Learning the Language of Peace from a Man of Peace
My writing career began in part because of Dr. John Perkins. Of course, I’m only one of the many white, suburban, middle-class, educated folks—as he affectionately calls us—whose lives have been changed because of him.
I’d come to Christian faith during college in the 1970s and found Christ’s message of justice and compassion a balm to the social wrongs that had always troubled me. But I didn’t necessarily know what to do in response. Then I picked up a copy of Dr. Perkins’ book When Justice Rolls Down and devoured it. Suddenly I had a language for justice I hadn’t heard before. I moved into Denver’s historically African American neighborhood known as Five Points, once considered the jazz capital of the West, and recruited college students to help me plan Jammin’ with Jesus day camps in the summer for the children in our community. I began to write about what I saw: the heroism, tragedies and beauty of city life. At first I wrote for a few local newspapers, then for Christian publications I admired.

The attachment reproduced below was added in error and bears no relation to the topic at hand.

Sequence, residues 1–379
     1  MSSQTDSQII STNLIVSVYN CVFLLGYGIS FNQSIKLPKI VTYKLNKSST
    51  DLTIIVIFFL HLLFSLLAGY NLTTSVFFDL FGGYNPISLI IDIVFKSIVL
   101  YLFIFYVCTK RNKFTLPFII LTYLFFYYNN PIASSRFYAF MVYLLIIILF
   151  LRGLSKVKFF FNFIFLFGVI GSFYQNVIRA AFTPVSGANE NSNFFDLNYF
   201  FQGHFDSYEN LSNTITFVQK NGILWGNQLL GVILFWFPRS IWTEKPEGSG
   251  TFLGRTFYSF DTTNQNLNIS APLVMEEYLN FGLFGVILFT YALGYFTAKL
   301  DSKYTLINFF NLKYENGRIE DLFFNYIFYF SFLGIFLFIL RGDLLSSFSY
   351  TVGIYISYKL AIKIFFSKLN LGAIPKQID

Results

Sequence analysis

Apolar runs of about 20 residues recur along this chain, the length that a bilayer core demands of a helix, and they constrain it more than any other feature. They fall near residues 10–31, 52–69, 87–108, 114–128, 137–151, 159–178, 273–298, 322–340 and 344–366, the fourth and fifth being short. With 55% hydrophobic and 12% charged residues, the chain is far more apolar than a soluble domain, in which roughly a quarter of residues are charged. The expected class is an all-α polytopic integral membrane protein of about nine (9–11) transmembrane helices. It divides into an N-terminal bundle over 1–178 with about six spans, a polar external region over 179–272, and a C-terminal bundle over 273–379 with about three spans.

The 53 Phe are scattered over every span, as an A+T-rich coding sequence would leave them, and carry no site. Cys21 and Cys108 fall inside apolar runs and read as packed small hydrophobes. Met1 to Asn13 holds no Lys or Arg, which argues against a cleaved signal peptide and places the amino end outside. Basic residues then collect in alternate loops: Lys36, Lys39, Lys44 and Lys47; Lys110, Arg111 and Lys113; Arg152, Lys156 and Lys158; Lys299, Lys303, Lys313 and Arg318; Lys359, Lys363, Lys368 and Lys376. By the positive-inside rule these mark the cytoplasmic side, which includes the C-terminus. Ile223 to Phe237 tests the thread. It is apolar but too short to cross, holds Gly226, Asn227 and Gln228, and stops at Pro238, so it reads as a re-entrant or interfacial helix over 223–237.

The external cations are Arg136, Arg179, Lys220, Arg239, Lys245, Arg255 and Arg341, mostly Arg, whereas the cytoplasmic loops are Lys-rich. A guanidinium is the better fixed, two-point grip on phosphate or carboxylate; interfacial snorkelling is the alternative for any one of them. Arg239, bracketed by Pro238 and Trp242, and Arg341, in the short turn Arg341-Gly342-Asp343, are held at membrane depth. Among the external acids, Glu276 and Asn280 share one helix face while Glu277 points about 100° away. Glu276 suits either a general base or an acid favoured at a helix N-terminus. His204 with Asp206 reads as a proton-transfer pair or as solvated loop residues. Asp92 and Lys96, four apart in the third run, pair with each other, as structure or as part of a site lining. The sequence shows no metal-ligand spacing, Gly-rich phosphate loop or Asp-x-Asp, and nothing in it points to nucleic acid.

After a hot summer day of Jammin’, I pushed the button on my answering machine and heard a voice I had only read on paper. It was Dr. Perkins. He had seen my articles in some of those Christian magazines and wondered if I’d be interested in writing a book with him, one that told the stories of the churches across the country who were living out the three R’s—reconciliation, relocation and redistribution.
The next week I was sitting beside him in a meeting with his editors, where he insisted that my name appear on the book with his. “I want to help Jo’s career,” he told his editors. “And I won’t do the book unless you do.”
They did, we did, and 15 years later I can say that because of that meeting I’ve been able to explore the themes of passion, justice and reconciliation in other books and more articles. Coauthoring a book with a spiritual hero was a daunting task. But without him I imagine I’d still be wondering what to do about doing justice, loving mercy and walking humbly with our God.
Jo Kadlecek, M.A. (pictured above) is senior communications writer at Gordon.
Dr. Perkins has received honorary degrees from Gordon for his work in reconciliation, and for many years Gordon students have traveled to Mississippi, to work with his ministry, Voice of Calvary.